I always try to be a bright spot when I can be. I know what it’s like to live under a dark cloud, and it is important to me that those in the TFMR community live under that dark cloud as little as possible, so with that being said; It is important to me that Paris, Eleanor Marie, Isabella Dora, Vincent Carmine Reyes, Peri Orrin, October Skye, Yashi, Lily, Liam Lucas, George, Zoey, Ivy Elizabeth, Nora, Isaiah, Finn, Chance, Theodore, Kenneth Angel, Emerson, Isaac, Nova, Finch Aviv, Maisie Parker, Anneliese, Hunter Ray Brown, Maya, Noah, Jonathon, and Stella Lena’s Mom’s all know that today, I am celebrating you.
Your strength, your selflessness, and your ability to do whatever it takes to be the best mom you could be for all your beautiful children. For those of you reading this who have not shared with anyone in your life that you have lost a child, no matter the circumstances, I am celebrating you today.
For those of you who feel like you or your angel are being forgotten on Mother’s Day, I see you.
I remember you.
Your Motherhood matters.
You are not forgotten.
Happy Mother’s Day to every mom out there who wears the Motherhood badge on top of her broken heart.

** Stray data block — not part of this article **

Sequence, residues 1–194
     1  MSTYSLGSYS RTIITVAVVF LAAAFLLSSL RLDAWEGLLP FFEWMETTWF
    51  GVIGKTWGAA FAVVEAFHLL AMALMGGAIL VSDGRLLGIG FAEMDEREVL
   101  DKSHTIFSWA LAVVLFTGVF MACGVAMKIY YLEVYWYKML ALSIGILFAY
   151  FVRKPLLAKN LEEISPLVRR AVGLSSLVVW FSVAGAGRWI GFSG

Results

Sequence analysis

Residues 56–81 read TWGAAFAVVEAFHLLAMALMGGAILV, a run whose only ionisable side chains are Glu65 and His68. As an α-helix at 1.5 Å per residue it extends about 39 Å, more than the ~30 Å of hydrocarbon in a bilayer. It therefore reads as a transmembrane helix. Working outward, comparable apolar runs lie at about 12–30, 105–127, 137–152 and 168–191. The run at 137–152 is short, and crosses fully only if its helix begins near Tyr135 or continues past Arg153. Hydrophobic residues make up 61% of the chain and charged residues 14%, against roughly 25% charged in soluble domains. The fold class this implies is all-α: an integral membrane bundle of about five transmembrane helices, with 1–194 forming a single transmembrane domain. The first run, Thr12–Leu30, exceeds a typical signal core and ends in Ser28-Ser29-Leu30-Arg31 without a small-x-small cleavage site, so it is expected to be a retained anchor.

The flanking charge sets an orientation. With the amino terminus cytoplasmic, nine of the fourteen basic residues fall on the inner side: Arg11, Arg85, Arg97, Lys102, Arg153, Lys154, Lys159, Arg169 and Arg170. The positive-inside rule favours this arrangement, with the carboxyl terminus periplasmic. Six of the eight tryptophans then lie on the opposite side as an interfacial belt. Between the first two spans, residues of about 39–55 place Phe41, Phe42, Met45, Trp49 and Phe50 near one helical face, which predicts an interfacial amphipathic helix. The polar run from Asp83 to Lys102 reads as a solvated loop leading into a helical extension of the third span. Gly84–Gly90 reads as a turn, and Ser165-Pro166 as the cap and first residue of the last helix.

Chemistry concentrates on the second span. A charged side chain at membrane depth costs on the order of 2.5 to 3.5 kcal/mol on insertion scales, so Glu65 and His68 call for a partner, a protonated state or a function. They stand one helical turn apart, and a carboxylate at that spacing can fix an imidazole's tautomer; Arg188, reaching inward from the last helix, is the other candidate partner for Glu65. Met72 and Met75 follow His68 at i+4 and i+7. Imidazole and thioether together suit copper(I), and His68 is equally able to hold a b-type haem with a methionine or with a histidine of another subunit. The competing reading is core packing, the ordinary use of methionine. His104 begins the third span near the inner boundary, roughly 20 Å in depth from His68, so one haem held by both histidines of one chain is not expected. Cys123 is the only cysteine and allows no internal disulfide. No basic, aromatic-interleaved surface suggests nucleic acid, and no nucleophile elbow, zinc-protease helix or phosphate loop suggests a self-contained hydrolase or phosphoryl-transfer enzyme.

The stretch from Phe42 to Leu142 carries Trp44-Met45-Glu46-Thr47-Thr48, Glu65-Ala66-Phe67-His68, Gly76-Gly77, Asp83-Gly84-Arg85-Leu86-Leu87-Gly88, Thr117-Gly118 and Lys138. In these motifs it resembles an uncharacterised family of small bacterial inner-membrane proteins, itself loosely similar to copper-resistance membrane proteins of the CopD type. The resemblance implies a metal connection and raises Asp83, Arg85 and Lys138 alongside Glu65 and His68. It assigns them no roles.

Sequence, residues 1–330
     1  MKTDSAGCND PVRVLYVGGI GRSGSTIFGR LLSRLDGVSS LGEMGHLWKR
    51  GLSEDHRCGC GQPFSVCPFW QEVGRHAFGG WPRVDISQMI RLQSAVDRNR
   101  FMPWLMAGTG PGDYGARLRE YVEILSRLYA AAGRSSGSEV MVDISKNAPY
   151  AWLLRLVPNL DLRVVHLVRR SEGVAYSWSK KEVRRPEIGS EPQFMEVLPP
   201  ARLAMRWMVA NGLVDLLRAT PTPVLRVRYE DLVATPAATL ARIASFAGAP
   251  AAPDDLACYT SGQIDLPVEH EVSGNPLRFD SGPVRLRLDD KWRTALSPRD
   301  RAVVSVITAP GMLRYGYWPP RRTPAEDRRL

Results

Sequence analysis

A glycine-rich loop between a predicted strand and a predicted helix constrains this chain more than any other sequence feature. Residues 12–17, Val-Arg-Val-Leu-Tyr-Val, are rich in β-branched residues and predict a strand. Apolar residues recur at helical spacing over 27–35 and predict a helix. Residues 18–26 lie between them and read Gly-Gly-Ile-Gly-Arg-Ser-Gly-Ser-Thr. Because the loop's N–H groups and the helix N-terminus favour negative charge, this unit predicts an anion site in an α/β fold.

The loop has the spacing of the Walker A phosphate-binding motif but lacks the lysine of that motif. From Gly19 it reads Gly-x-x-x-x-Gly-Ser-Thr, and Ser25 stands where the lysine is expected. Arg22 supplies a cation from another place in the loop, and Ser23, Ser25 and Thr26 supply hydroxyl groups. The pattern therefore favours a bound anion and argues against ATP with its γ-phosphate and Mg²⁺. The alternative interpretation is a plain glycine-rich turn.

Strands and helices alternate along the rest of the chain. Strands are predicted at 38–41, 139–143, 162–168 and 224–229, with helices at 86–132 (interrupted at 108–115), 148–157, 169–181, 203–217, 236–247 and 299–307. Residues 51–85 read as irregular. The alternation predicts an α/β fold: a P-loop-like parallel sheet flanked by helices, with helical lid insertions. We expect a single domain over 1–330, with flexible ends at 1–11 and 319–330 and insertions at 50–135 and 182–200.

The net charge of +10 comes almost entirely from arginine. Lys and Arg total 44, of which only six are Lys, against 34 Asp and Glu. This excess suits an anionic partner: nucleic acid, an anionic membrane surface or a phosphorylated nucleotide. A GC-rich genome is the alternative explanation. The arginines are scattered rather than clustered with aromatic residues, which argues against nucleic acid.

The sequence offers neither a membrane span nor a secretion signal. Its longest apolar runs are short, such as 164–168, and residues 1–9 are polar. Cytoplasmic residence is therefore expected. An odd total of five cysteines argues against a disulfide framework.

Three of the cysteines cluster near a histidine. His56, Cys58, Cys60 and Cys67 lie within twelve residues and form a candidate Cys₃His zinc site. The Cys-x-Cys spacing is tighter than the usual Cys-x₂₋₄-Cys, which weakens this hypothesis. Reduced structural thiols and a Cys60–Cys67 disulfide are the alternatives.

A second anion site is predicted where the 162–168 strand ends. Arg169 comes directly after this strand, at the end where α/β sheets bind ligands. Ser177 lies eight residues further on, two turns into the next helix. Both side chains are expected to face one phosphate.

– Avery’s Mom
About Casey Zenner
My name is Casey! I am a wife, mother and friend. I have 2 dogs, a wonderful husband and am blessed to be the mama of Brayden, my spunky 3 yr old, and Avery, my angel baby. We are also foster parents on our journey to adoption! I live in Texas, am a stay at home mom and a travel agent. After losing Avery, I lost myself. While I attempted to find my way back I founded Avery’s Angels. A non profit that provides Angel Moms with comfort packages and cards after the loss of a child. (www.facebook.com/flyhighlittleones) There is someone always telling me how strong I am, when the truth is, when being strong is the only choice you have, you just keep putting one foot in front of the other and eventually you begin to believe in your strength too.
These are controversial topics and many that people don’t realize other families face.
Share’s mission is to support those whose lives are touched by the tragic death of a baby through pregnancy loss, stillbirth, or in the first few months of life. Share does not take a political stand on these issues. Share is not responsible for guiding or counseling families in their decision-making process. We all grieve and mourn for our babies. Some of our parents have had to choose the day that they were going to lose their baby. But the truth is still: each family wanted and love their babies. We all search for support, healing and hope. All grieving parents deserve that.
As a support organization it is always our goal to provide a safe and compassionate place for every family who has suffered the great loss of their baby.
We hope this conversation allows for continued healing and an understanding from others of the great need for long-term support for every family making difficult decisions. If you are in need of support after making the decision to terminate for medical reasons, please reach out to our Bereavement Care Manager at email@example.com or call 800-821-6819.